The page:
Fine, simple foods enjoyed in Italy

BURNING QUESTIONS

May 09, 2007|By Erica Marcus | Erica Marcus,Newsday

What did you eat on your vacation in Italy?

This is what friends and colleagues asked me upon my return from six days in Umbria. The short answer is: great, simple food that was both regional and seasonal.

Umbria, the land-locked region just east of Tuscany, is known for its hearty, rustic cuisine, much of it based on game and pork. Accordingly, I ate grilled quail, a ragu of wild boar, and plenty of porchetta, a whole or half pig (minus the limbs and head) seasoned with garlic and rosemary and then roasted.

Umbria is too hilly for cattle, so sheep are the grazers of choice. Thanks to them, I enjoyed terrific lamb chops and pecorino cheese (pecora is Italian for sheep) - both soft and young, and hard and aged.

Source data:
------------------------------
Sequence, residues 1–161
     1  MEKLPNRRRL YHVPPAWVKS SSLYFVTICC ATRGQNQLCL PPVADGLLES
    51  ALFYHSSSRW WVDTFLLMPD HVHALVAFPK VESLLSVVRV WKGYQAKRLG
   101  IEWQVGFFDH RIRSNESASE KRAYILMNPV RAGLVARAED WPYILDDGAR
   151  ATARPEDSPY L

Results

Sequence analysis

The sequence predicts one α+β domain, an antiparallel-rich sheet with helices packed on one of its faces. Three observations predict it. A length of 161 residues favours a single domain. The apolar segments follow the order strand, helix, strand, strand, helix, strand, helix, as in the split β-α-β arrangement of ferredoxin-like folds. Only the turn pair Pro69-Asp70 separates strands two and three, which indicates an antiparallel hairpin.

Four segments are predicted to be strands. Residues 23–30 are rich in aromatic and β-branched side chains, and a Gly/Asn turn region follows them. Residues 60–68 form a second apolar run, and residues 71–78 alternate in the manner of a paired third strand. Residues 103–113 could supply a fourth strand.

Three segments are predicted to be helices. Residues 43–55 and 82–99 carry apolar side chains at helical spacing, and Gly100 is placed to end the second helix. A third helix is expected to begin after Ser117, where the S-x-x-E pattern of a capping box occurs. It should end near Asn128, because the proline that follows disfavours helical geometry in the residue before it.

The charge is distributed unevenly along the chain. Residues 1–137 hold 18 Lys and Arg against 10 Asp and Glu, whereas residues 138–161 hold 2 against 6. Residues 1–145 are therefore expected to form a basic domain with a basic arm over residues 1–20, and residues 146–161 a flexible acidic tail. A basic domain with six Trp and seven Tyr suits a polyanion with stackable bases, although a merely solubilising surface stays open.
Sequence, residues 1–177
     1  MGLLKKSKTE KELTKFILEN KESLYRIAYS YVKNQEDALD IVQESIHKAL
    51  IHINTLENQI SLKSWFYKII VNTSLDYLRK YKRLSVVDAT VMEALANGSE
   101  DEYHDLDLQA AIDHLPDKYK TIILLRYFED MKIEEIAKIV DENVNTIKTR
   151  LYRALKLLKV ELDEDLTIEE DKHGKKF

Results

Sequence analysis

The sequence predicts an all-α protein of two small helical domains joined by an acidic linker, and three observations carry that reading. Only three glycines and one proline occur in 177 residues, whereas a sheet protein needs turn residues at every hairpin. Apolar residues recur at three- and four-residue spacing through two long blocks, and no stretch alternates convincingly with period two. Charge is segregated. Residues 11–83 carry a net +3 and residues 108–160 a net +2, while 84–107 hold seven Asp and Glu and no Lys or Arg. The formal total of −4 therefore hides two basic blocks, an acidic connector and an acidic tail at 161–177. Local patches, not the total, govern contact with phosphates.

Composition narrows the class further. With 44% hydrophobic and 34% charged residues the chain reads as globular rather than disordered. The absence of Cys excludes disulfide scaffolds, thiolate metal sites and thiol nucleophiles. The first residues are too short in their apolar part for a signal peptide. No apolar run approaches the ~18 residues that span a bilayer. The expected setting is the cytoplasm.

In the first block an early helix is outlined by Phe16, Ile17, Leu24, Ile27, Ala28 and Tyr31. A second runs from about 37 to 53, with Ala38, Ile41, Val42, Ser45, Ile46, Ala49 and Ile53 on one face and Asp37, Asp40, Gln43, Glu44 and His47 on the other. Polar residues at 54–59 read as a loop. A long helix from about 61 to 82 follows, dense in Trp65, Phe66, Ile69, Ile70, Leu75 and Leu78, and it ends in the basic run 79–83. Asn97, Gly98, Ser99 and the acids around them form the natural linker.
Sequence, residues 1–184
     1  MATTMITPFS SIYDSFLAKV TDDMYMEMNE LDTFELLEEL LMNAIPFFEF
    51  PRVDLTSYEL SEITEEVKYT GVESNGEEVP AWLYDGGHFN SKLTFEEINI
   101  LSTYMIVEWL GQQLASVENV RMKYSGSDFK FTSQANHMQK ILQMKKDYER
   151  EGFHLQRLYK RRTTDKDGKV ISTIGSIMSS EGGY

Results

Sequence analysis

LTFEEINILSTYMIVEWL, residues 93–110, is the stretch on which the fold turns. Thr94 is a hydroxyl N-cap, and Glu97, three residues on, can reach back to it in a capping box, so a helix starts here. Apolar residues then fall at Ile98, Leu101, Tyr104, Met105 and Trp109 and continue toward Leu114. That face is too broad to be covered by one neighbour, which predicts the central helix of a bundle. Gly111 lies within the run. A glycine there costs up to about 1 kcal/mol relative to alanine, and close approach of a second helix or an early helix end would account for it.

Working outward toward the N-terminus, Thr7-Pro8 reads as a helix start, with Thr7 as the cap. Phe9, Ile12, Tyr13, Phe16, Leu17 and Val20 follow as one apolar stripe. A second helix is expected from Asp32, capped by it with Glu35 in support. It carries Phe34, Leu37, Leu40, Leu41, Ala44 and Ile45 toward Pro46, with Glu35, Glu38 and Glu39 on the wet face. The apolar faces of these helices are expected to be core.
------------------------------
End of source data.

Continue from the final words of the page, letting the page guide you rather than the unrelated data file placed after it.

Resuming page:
The most distinctive feature of the Umbrian landscape is the olive tree, and olive oil is used less as a cooking medium, more as a condiment and flavoring. More often than not, salads were dressed only with olive oil and the fruity, peppery taste permeated virtually every dish.

Another less-welcome regional standby was the bread, which is made without salt. But the Umbrians make one spectacular bread preparation, a grilled sandwich called torta al testo. The torta is a thick, flat bread that is cooked on a testo, a disc of stone or metal, then is split and filled with cheese and/or ham and/or greens.

Among the seasonal treats I enjoyed were the early spring harvests of artichokes and wild asparagus, which are thinner, weedier and have an earthier flavor than cultivated asparagus. And because my vacation coincided with the week before Easter, I sampled all manner of Holy Week pastries, such as torta al formaggio, a sort of savory, cheesy panettone traditionally eaten on Easter morning.

Erica Marcus writes for Newsday. E-mail your queries to burningquestions@newsday.com, or send them to Erica Marcus, Food/Part 2, Newsday, 235 Pinelawn Road, Melville, NY 11747-4250.

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